Quard Hassan is a type of lending; in this type of lending the bank introduces the money to those who need the money to decrease their hard working situation. Also, the bank can lend the money on the basis of zero-interest to any one of the societies for different aims, including money for expenditures in relation with education or marriage. Lewis & Algaud, (2001), Metwally (2006)
Islamic Banking Transactions:
The financial transactions of Islamic banks have developed since the first Islamic bank has been opened in order to introduce the best services to their customer according to Islamic laws. Therefore, Islamic banking system depends on their investments on the money of the shareholders and the depositors. Consequently, several studies have discussed the sources of Islamic bank and the usages of this money such as Abdul-Gafoor (2003), Alam (2000) and Haron (1995). (revise it again).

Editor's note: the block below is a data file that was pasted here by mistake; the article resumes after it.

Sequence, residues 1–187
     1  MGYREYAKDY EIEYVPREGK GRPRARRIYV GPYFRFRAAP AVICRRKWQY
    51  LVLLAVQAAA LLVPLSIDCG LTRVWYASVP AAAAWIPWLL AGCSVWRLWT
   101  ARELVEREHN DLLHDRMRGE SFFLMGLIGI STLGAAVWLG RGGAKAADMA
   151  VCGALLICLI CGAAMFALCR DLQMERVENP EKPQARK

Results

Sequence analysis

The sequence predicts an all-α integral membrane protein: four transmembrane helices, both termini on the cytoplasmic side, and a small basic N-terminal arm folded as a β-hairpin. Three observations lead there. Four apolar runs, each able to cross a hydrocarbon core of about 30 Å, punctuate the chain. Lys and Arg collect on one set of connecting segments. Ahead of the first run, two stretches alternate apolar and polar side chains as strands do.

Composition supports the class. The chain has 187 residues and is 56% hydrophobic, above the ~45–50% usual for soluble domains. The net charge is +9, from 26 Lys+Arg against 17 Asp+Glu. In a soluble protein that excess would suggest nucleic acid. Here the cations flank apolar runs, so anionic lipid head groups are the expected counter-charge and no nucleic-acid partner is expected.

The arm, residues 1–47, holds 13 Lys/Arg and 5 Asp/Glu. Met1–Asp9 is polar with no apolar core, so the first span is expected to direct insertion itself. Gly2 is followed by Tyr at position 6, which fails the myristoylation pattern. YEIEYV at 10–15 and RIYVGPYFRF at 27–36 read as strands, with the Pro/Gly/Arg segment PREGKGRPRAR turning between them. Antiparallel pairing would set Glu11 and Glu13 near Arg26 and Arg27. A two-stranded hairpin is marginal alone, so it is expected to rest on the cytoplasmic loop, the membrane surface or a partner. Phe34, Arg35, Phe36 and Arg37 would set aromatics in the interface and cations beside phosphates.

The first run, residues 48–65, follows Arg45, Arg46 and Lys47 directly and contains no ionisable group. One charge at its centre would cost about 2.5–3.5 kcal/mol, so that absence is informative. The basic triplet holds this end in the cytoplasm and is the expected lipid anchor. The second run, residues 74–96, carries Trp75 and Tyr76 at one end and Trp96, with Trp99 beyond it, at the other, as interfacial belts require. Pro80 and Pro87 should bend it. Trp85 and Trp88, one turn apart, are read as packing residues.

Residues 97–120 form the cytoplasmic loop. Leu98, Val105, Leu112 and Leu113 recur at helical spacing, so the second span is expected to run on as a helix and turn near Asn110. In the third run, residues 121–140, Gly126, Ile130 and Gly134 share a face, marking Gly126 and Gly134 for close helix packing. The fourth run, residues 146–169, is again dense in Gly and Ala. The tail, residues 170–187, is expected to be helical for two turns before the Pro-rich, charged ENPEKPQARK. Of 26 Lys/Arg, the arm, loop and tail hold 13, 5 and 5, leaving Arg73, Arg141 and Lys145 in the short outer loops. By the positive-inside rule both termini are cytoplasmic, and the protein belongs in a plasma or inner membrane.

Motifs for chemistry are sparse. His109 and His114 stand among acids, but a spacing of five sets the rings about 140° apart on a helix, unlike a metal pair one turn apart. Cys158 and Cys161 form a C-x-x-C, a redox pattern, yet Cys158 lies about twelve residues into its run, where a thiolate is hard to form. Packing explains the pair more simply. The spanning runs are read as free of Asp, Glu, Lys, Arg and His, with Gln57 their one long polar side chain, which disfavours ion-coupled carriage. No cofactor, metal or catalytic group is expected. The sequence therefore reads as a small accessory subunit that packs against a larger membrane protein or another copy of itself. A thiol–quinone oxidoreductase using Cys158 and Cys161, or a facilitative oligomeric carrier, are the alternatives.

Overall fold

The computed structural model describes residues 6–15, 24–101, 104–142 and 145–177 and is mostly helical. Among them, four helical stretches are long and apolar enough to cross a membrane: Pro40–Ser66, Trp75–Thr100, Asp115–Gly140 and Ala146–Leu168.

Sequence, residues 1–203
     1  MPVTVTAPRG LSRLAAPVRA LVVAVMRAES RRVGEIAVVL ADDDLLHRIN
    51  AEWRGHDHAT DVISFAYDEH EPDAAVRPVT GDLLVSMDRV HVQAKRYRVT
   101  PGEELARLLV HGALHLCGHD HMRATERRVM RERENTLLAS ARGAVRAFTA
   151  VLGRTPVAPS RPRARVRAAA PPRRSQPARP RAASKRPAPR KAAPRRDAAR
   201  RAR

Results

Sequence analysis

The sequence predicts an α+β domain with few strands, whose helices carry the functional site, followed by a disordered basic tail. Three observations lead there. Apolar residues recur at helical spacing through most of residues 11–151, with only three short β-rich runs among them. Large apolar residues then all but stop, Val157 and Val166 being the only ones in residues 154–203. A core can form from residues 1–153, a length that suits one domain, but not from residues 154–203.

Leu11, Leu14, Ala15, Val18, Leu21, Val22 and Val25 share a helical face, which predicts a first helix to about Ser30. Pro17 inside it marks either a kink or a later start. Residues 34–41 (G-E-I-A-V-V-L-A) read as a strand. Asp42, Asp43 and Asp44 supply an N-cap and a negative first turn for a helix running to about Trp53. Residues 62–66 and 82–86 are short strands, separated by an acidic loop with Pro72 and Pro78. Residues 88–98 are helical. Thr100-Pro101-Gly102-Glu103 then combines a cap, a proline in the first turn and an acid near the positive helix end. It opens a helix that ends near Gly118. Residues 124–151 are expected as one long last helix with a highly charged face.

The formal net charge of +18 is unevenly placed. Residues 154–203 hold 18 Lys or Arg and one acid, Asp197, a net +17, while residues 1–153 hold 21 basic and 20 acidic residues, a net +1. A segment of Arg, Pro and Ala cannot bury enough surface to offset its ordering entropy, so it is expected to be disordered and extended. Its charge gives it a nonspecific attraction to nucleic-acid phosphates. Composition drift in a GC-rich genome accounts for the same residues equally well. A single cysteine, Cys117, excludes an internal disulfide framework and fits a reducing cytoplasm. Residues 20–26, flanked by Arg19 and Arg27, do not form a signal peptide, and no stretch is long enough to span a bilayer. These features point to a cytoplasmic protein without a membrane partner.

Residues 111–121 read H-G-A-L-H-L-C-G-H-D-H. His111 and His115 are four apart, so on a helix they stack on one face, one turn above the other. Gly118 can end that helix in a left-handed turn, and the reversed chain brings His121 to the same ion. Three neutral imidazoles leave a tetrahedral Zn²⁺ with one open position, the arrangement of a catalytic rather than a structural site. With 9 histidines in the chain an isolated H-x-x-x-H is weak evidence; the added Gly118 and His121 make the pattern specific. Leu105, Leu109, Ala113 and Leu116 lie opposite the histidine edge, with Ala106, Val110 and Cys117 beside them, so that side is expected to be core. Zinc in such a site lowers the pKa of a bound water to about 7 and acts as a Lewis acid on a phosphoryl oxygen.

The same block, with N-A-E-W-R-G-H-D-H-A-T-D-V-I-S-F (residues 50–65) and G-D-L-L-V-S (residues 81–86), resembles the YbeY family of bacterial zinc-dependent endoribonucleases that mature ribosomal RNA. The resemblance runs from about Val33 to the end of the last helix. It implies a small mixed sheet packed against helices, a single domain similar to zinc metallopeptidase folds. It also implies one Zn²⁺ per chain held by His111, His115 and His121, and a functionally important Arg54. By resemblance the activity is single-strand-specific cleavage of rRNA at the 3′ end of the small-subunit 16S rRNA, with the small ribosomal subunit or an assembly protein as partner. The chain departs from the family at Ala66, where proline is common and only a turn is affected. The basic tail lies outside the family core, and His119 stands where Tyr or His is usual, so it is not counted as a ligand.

The three basic methods of Islamic deposit accounts are the following:
Islamic current account considered as a service provided to depositors for the banks transfers transactions and for the pay cheques through transfer systems.
These accounts could be paid on demand without any interest paid to the depositors, and it is also possible to keep these accounts in the form of foreign currency in order to make it easier to conduct international trade.
Islamic saving account is the same as the commercial saving account. Whereby, Islamic saving account introduces to the customer benefits and services instead of interest due to the prohibited of interest.
Islamic investment deposit account is an especial account for the customers who want to make an investment by using their money according to the concept of profit and loss sharing. Therefore, Islamic investment account divided to tow types as follows:
Specified investment accounts:
In this type of accounts the bank will be responsible to invest the money of the customers in specific investment, or in conditional investment, in specific projects or specific sectors.
Unspecified investment accounts.
This account introduces to the customer the opportunity to grants the bank the full authority for the investment, with regard to the banks’ ability and wishes to invest in any relevant transaction.